With advances in technology, the relationship that customers have with their bank and with their finances has changed. Customers rely less and less on walking into a branch for their banking needs, and instead have digital options to help them – ATMs, cards, mobile phones, and Internet banking. So far these have been seen more as additive to a customer’s banking experience but when do we go over the digital disruption tipping point and see a change in the fundamental banking business? Across the world, there are thousands of new and dynamic FinTech startups that are offering products earlier used to be offered only by traditional banks. Peer-to-peer lending platforms now offer consumers an alternative to loans that used to be previously available mainly at banks. Robo-advisor platforms offer consumers asset management solutions that are not only more transparent in what they charge you, but also substantially cheaper. These newcomers have the ability to pick and choose the parts of banking they want to get involved – obviously the most profitable parts. It is very unlikely that a FinTech startup wanting to become a deposit taking institution. They are happy to control the consumer-facing part and leave the back-end to traditional banks, things like post trade settlement, reconciliation or regulatory reporting. This may create a new banking model in future with the traditional banks are handling the back-end (basically becoming commoditized utility providers) to these FinTech firms who control the front-end and the customer experience. In China, Internet giants have moved into financial services and gained considerable market share in e-commerce and third-party payments. These new entrants were faster than the banks to offer convenient, reliable, fast and cost- efficient alternatives to traditional bank payments. China’s FinTech companies often have as many, if not more, clients than the top banks and their FinTech players often have well-resourced parent companies in e-commerce and finance that can sustain large and more balance sheet intensive businesses. In China, they are past the tipping point of digital disruption: FinTech companies have both scale and innovation. Bangladesh is the next big opportunity.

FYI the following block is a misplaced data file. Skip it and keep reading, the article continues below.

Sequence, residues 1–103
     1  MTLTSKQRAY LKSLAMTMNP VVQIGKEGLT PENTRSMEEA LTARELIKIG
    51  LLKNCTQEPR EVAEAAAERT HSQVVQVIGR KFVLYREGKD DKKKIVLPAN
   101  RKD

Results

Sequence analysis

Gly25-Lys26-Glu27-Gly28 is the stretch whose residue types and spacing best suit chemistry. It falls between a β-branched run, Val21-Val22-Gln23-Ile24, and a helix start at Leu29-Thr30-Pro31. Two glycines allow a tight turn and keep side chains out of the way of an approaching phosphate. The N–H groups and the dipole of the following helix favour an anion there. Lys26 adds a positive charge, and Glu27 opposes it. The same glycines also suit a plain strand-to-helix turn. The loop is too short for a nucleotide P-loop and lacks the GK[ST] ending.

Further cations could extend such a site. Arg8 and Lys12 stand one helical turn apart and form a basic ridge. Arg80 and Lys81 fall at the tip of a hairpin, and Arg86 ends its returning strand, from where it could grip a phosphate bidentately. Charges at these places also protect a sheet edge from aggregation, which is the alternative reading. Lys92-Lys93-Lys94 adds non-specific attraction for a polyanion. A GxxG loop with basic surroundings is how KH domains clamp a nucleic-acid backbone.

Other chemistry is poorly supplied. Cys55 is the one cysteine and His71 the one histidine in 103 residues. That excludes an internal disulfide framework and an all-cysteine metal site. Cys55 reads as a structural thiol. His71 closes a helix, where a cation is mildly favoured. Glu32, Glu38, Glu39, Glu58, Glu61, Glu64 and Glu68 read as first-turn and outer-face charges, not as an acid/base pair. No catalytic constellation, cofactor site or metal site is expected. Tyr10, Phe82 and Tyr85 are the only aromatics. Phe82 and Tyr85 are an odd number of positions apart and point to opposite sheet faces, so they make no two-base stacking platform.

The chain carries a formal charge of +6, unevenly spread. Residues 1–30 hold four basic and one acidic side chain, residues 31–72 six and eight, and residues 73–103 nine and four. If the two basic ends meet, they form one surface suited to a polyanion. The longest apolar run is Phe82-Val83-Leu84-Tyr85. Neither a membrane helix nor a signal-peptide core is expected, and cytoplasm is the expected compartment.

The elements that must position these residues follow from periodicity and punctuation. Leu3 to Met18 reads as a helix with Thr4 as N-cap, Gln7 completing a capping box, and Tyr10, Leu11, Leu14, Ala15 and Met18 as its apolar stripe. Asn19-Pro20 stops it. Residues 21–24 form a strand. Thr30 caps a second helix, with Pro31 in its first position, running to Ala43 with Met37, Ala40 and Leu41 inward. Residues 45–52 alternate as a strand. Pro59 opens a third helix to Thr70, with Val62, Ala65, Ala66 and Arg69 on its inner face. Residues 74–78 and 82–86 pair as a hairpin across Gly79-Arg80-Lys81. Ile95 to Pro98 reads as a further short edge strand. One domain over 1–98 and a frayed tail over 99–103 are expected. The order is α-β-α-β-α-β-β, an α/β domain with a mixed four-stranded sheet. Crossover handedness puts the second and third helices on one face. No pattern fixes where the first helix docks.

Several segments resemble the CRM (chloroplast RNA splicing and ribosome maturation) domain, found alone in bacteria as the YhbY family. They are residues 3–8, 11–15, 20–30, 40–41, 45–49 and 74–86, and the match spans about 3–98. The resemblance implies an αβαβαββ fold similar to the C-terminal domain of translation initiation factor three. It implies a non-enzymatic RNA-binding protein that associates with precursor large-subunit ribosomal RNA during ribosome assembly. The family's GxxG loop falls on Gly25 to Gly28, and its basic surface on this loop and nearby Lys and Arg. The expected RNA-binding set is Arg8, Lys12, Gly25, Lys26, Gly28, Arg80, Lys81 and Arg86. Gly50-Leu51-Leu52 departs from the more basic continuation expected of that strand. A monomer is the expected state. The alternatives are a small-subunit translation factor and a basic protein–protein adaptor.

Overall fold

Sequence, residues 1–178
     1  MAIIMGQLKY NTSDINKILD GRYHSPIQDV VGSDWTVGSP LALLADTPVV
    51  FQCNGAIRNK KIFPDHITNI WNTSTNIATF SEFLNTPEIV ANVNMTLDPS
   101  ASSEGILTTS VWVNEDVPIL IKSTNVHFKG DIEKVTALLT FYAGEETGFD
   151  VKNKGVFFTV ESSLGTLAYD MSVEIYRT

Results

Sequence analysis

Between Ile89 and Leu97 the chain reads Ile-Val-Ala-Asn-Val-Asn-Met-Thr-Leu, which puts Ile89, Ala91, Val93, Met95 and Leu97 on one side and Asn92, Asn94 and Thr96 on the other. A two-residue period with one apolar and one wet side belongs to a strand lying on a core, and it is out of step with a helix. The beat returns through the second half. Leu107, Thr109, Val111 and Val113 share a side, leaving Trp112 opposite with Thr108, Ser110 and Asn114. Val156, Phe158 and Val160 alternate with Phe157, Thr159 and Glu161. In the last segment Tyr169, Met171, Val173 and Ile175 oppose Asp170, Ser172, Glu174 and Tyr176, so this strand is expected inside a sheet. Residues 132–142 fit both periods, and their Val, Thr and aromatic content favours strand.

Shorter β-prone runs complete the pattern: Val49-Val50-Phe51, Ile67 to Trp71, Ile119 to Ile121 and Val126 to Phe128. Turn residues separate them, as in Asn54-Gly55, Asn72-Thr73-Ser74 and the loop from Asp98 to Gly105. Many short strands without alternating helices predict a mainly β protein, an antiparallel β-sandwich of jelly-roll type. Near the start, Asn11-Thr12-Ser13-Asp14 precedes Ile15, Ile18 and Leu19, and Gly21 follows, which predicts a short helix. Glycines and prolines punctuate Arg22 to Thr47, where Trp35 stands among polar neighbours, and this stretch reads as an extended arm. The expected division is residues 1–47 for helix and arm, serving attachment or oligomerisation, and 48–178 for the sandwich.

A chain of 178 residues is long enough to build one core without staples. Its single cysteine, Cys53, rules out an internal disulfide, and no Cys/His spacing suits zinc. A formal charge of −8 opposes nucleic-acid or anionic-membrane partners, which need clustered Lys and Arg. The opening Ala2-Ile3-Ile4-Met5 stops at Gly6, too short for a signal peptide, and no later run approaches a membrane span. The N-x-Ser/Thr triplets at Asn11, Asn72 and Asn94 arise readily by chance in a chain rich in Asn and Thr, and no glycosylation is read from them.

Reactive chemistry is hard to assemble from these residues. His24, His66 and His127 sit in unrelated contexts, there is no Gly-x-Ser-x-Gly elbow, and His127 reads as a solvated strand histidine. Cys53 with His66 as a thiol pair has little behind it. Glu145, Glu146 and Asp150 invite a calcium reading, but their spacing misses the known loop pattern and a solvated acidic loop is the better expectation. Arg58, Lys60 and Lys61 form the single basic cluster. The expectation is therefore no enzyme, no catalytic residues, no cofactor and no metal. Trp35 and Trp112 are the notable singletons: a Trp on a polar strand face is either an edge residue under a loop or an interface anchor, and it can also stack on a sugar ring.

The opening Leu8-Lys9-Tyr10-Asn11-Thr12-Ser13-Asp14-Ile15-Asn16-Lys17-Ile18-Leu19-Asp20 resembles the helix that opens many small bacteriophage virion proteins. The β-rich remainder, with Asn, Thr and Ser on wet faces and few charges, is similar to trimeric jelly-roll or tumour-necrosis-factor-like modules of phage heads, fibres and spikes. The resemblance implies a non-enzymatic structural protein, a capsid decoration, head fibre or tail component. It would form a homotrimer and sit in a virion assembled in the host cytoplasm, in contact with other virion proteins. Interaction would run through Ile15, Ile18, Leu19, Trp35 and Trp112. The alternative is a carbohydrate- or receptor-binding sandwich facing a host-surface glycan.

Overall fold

FinTech start-ups embody the core principles of innovation to drive commercial success. They embrace risk-taking and failure, while rewarding success. They are agile and can pivot immediately to meet market demand. Because they are usually small, they can think big. But because they are small, scalability can be a challenge. Although FinTech companies have the advantage of new innovation, incumbent financial institutions still have the upper hand in terms of scale. Regulation is also a major challenge that FinTech industry is facing. In order to fuel digital disruption, regulators will have to play a big role by creating right environment for FinTech companies to grow and excel. They can create small ‘sandboxes’ that allow businesses to test innovative products, services, business models and delivery mechanisms in a live environment.